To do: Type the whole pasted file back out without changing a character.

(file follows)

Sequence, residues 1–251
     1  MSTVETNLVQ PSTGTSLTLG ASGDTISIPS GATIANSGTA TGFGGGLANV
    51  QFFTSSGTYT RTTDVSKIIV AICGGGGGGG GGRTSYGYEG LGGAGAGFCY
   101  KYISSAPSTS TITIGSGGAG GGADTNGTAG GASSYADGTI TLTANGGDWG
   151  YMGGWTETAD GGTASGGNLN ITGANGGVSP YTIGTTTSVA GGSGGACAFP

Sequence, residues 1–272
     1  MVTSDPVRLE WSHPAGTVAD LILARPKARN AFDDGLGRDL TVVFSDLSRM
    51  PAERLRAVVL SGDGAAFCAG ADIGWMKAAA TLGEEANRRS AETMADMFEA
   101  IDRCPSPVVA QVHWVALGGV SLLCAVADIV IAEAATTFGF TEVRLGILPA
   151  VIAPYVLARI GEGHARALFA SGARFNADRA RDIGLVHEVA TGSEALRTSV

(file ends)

Sequence, residues 1–251
     1  MSTVETNLVQ PSTGTSLTLG ASGDTISIPS GATIANSGTA TGFGGGLANV
    51  QFFTSSGTYT RTTDVSKIIV AICGGGGGGG GGRTSYGYEG LGGAGAGFCY
   101  KYISSAPSTS TITIGSGGAG GGADTNGTAG GASSYADGTI TLTANGGDWG
   151  YMGGWTETAD GGTASGGNLN ITGANGGVSP YTIGTTTSVA GGSGGACAFP

Sequence, residues 1–272
     1  MVTSDPVRLE WSHPAGTVAD LILARPKARN AFDDGLGRDL TVVFSDLSRM
    51  PAERLRAVVL SGDGAAFCAG ADIGWMKAAA TLGEEANRRS AETMADMFEA
   101  IDRCPSPVVA QVHWVALGGV SLLCAVADIV IAEAATTFGF TEVRLGILPA
   151  VIAPYVLARI GEGHARALFA SGARFNADRA RDIGLVHEVA TGSEALRTSV